As the actor Carleton Young declared in The Man Who Shot Liberty Valence, “When the legend becomes fact, print the legend.” That’s exactly what happened in the April 1913 issue of National Geographic, when the entire magazine was devoted to explorer Hiram Bingham III’s “discovery” of ancient Inca ruins in Peru. In his meticulously researched and marvelously readable book Turn Right at Machu Picchu, author and adventurer Mark Adams retraces the steps that led Bingham to the famed site 100 years ago this July.
Adams, whose Mr. America was named a Best Book of 2009 by the Washington Post, goes beyond merely printing the legend: He studies it, he lives it . . . and he debunks it. At first glance, it seems like Adams might have been following in the footsteps of Bill Bryson’s A Walk in the Woods, given the book’s “maybe-I-should-have-worked-out-just-a-little-bit-more-before-starting-this-physically-demanding-quest” setting. Like Bryson, Adams peppers his book with interesting anecdotes, trenchant observations and frequently hilarious asides. But as the chapters (which more or less alternate between Bingham’s and Adams’ expeditions) fly by, both the book’s scholarship and its organization also call to mind John McPhee’s excellent history/travelogue of Alaska, Coming into the Country.
Even if you’ve never traveled farther than the Jungle Cruise at Walt Disney World, you’re guaranteed to be swept up in Adams’ vivid descriptions of the near-unpronounceable sights along the Inca trail, as well as the remarkable amount of information he tactfully packs into a single paragraph:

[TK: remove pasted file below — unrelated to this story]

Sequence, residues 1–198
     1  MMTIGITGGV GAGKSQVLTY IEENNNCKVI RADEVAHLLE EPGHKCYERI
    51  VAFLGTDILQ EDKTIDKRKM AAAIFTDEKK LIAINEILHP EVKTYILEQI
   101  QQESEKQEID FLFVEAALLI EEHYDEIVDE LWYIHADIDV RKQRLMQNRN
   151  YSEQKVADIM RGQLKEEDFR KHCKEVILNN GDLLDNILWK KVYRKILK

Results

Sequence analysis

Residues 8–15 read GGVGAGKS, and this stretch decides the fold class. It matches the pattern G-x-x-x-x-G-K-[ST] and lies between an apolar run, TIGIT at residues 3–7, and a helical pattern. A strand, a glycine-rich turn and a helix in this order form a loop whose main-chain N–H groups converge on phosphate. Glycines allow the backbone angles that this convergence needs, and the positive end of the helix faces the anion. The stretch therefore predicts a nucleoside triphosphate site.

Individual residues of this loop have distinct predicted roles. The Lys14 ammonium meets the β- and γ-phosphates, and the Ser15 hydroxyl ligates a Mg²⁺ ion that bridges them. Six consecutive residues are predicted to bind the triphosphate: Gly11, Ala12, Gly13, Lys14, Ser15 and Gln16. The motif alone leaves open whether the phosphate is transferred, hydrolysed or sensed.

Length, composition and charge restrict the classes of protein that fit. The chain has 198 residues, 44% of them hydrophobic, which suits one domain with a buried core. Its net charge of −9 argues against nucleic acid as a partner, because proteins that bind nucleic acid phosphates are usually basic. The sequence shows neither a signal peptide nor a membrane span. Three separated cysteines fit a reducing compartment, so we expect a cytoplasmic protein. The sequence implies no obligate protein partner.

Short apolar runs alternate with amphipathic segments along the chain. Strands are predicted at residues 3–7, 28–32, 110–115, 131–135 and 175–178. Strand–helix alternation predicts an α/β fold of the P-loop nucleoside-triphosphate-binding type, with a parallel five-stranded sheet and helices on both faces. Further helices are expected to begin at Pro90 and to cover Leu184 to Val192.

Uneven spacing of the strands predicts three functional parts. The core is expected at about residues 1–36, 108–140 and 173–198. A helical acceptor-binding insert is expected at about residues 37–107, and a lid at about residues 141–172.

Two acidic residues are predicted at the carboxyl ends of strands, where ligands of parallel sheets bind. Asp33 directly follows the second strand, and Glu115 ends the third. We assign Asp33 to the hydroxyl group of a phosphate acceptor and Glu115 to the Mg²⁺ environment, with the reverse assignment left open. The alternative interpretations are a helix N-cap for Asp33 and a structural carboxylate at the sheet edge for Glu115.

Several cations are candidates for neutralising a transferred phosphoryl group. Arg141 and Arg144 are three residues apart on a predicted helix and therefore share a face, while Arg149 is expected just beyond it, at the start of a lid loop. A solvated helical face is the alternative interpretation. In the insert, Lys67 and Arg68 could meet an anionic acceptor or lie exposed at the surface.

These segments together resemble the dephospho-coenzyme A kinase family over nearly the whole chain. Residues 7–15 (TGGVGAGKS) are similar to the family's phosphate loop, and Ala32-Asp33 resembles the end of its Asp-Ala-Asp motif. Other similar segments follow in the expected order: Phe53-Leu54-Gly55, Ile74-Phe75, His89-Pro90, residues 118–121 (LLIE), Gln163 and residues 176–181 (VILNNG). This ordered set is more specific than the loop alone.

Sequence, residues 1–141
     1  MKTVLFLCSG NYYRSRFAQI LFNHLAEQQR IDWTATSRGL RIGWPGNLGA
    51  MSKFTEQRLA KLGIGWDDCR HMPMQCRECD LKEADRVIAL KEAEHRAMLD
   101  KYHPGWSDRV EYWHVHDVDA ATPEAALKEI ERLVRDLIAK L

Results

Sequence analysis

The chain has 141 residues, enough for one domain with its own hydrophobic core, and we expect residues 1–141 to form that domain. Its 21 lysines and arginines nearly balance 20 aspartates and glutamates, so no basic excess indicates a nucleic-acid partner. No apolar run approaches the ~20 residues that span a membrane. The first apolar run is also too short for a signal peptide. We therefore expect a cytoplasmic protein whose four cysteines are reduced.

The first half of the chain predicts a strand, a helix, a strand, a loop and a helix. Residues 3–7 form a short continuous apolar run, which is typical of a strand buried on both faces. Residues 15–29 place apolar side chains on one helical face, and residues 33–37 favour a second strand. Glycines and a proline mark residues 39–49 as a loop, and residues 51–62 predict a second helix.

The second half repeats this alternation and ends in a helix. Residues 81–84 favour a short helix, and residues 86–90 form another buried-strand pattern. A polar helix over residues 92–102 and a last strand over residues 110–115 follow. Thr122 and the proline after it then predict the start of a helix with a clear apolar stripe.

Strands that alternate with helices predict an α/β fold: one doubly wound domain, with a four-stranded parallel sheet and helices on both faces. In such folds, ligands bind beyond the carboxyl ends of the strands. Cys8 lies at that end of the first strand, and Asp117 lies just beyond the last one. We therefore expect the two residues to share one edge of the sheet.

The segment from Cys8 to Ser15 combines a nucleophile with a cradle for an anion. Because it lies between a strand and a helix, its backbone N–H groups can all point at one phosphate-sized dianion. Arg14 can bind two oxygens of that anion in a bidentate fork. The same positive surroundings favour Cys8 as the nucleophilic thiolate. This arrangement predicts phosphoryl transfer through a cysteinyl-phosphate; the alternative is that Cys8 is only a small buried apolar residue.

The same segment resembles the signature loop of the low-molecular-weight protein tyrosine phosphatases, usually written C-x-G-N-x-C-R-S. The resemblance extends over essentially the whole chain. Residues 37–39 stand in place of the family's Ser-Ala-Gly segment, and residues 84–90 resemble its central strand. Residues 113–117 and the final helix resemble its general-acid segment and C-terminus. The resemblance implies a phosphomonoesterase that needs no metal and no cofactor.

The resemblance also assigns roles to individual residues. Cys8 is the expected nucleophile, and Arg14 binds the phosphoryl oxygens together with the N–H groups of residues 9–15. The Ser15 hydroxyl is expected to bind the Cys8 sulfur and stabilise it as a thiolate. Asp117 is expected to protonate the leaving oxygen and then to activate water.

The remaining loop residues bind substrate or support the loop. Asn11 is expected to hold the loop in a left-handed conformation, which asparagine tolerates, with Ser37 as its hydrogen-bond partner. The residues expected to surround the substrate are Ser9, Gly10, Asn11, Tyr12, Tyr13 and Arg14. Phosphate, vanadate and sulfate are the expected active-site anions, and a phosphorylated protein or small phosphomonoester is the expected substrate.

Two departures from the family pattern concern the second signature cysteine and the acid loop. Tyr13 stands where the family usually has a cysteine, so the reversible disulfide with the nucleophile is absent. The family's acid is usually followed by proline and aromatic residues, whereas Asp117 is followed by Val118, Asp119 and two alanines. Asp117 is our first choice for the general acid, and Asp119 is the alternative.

“We walked down the mountainside beneath Llactapata and crossed the Aobamba River—an important milestone, because we were now officially inside the Machu Picchu Historical Sanctuary. Technically, this zone is a haven not only for ruins but for the diverse flora and fauna of the region. (This is one of the few safe places for the rare Andean spectacled bear, which looks like a cross between a raccoon and a black bear cub.) There is one important eco-exception—the gigantic hydroelectrical plant on the backside of Machu Picchu. John and I walked past dozens of men in matching hard hats and coveralls driving heavy machinery; a funicular ran up the mountainside. KEEP OUT signs were posted everywhere. None of this is visible from the sacred ruins directly above. It was like stumbling upon a Bond villain’s secret hideout while hiking in Yosemite.”
Perhaps, in the best-case scenario, Adams’ book might impel you to adopt the motto of one of his former employers, Adventure magazine: “Dream it. Plan it. Do it.” And at the very least, you’ll get an unparalleled insight into how demanding, and how rewarding, following that dictum can be.